A causal role for TRESK loss of function in migraine mechanisms

Pettingill, P. et al. (2019) A causal role for TRESK loss of function in migraine mechanisms. Brain, 142(12), pp. 3852-3867. (doi: 10.1093/brain/awz342) (PMID:31742594) (PMCID:PMC6906598)

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The two-pore potassium channel, TRESK has been implicated in nociception and pain disorders. We have for the first time investigated TRESK function in human nociceptive neurons using induced pluripotent stem cell-based models. Nociceptors from migraine patients with the F139WfsX2 mutation show loss of functional TRESK at the membrane, with a corresponding significant increase in neuronal excitability. Furthermore, using CRISPR-Cas9 engineering to correct the F139WfsX2 mutation, we show a reversal of the heightened neuronal excitability, linking the phenotype to the mutation. In contrast we find no change in excitability in induced pluripotent stem cell derived nociceptors with the C110R mutation and preserved TRESK current; thereby confirming that only the frameshift mutation is associated with loss of function and a migraine relevant cellular phenotype. We then demonstrate the importance of TRESK to pain states by showing that the TRESK activator, cloxyquin, can reduce the spontaneous firing of nociceptors in an in vitro human pain model. Using the chronic nitroglycerine rodent migraine model, we demonstrate that mice lacking TRESK develop exaggerated nitroglycerine-induced mechanical and thermal hyperalgesia, and furthermore, show that cloxyquin conversely is able to prevent sensitization. Collectively, our findings provide evidence for a role of TRESK in migraine pathogenesis and its suitability as a therapeutic target.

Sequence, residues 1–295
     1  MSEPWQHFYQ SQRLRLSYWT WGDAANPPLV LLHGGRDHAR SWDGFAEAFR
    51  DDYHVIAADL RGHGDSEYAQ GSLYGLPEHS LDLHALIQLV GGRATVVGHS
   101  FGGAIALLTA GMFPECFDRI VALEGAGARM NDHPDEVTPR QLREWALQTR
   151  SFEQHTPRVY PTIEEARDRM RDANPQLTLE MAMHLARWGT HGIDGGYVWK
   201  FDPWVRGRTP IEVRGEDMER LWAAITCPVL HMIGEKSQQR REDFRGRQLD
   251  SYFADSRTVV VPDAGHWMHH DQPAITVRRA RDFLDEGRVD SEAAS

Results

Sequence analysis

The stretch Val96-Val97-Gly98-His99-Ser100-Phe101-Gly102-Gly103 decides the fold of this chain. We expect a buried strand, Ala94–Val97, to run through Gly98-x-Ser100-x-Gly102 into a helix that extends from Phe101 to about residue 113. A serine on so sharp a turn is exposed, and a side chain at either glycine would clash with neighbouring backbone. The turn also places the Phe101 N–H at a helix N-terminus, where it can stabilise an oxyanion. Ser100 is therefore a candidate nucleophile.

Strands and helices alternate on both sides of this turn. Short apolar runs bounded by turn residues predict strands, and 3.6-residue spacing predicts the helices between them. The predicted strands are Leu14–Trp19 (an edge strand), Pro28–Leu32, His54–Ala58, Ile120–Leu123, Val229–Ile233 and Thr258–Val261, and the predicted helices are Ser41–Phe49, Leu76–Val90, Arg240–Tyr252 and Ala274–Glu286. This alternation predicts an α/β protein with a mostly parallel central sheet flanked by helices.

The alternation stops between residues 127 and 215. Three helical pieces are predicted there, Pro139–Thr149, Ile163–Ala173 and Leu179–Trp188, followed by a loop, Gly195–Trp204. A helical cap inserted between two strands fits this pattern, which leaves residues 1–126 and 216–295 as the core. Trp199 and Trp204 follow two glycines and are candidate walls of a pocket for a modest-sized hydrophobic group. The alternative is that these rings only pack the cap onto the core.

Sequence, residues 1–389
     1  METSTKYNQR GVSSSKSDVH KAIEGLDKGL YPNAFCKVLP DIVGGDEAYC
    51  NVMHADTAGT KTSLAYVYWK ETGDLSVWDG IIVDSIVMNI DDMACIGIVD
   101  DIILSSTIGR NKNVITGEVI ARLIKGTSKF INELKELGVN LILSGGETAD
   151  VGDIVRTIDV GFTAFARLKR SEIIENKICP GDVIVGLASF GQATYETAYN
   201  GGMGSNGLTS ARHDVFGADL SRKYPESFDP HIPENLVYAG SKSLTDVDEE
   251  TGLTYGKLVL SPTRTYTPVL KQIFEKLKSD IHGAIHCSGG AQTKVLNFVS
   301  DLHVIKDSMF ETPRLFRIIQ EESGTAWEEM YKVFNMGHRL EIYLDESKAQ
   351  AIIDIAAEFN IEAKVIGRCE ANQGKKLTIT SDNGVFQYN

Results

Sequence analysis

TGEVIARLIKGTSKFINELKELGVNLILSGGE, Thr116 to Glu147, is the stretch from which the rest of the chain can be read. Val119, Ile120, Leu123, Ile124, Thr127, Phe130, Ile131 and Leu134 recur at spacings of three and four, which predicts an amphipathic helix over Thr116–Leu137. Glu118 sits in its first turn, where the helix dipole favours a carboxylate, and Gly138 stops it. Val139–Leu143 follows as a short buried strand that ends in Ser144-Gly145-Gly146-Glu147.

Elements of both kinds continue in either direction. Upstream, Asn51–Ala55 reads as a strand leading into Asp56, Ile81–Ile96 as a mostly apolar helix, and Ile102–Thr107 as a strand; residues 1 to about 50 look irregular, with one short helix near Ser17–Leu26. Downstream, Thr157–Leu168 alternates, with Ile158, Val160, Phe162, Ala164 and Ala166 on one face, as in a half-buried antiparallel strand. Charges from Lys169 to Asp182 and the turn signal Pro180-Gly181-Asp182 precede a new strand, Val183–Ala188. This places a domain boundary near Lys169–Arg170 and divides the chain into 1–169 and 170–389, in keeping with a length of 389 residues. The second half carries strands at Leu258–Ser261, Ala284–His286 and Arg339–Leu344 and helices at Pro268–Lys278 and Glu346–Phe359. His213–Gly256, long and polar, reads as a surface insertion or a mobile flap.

Item Type:Articles
Additional Information:This project was supported by StemBANCC funding from the Innovative Medicines Initiative Joint Undertaking under Grant Agreement Number 115439, resources of which are composed of financial contribution from the European Union's Seventh Framework Programme (FP7/2007e2013) and EFPIA companies in kind contribution. The work was also supported by the National Institute for Health Research (NIHR) Oxford Biomedical Research Centre (BRC) and Wellcome Trust (203141/Z/16/Z). This work was also supported by funding from the National Health and Medical Research Council (NHMRC) Australia.
Glasgow Author(s) Enlighten ID:Weir, Dr Gregory
Authors: Pettingill, P., Weir, G. A., Wei, T., Wu, Y., Flower, G., Lalic, T., Handel, A., Duggal, G., Chintawar, S., Cheung, J., Arunasalam, K., Couper, E., Haupt, L. M., Griffiths, L. R., Bassett, A., Cowley, S. A., and Zader, M. Z.
College/School:College of Medical Veterinary and Life Sciences > School of Psychology & Neuroscience
Journal Name:Brain
Publisher:Oxford University Press
ISSN (Online):1460-2156
Published Online:19 November 2019
Copyright Holders:Copyright © 2019 The Authors
First Published:First published in Brain 142(12):3852–3867
Publisher Policy:Reproduced under a Creative Commons License

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